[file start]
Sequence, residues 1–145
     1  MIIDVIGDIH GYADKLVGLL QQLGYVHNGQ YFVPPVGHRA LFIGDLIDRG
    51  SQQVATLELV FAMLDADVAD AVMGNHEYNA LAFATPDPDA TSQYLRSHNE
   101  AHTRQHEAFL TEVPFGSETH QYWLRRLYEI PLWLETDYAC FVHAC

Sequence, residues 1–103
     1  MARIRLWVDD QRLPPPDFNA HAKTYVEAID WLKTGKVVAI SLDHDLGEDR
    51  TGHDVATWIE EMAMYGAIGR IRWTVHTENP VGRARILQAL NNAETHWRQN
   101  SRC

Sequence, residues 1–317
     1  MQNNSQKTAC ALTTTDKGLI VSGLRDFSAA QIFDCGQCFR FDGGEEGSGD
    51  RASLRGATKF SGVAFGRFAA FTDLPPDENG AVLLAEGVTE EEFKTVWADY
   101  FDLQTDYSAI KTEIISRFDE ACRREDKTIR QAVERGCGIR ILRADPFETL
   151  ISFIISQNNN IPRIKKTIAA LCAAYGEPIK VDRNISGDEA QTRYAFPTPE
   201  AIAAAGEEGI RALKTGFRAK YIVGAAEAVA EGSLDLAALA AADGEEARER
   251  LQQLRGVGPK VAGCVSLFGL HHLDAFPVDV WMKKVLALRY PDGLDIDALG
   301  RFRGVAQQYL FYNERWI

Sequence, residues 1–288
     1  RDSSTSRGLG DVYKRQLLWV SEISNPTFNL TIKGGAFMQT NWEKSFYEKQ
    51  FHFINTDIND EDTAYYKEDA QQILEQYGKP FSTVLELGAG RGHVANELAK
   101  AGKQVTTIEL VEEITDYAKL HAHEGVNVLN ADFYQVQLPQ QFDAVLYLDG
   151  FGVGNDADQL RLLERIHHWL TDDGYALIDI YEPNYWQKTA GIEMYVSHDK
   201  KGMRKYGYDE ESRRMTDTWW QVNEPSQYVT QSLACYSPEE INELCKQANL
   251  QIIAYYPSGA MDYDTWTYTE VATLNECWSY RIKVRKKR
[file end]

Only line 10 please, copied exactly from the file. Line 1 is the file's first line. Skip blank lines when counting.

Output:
     1  MQNNSQKTAC ALTTTDKGLI VSGLRDFSAA QIFDCGQCFR FDGGEEGSGD